Celsr1 coordinates the planar polarity of vestibular hair cells during inner ear development

Jeremy S. Duncan, Michelle L. Stoller, Andrew F. Francl, Fadel Tissir, Danelle Devenport, Michael R. Deans

Research output: Contribution to journalArticle

14 Scopus citations

Abstract

Vestibular hair cells of the inner ear are specialized receptors that detect mechanical stimuli from gravity and motion via the deflection of a polarized bundle of stereocilia located on their apical cell surfaces. The orientation of stereociliary bundles is coordinated between neighboring cells by core PCP proteins including the large adhesive G-protein coupled receptor Celsr1. We show that mice lacking Celsr1 have vestibular behavioral phenotypes including circling. In addition, we show that Celsr1 is asymmetrically distributed at cell boundaries between hair cells and neighboring supporting cells in the developing vestibular and auditory sensory epithelia. In the absence of Celsr1 the stereociliary bundles of vestibular hair cells are misoriented relative to their neighbors, a phenotype that is greatest in the cristae of the semicircular canals. Since horizontal semi-circular canal defects lead to circling in other mutant mouse lines, we propose that this PCP phenotype is the cellular basis of the circling behavior in Celsr1 mutants.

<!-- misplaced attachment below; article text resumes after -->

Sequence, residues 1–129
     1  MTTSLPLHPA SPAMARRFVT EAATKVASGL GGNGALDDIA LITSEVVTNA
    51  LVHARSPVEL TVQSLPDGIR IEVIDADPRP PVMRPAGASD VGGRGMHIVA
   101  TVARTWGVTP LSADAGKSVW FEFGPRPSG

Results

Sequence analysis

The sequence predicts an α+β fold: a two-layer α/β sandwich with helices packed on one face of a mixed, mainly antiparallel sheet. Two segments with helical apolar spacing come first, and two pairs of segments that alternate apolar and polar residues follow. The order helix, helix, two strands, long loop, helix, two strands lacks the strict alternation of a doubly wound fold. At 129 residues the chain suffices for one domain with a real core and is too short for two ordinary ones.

Original languageEnglish (US)
Pages (from-to)126-137
Number of pages12
JournalDevelopmental biology
Volume423
Issue number2
DOIs
StatePublished - Mar 15 2017

All Science Journal Classification (ASJC) codes

  • Molecular Biology
  • Developmental Biology
  • Cell Biology

Fingerprint Dive into the research topics of 'Celsr1 coordinates the planar polarity of vestibular hair cells during inner ear development'. Together they form a unique fingerprint.

  • Cite this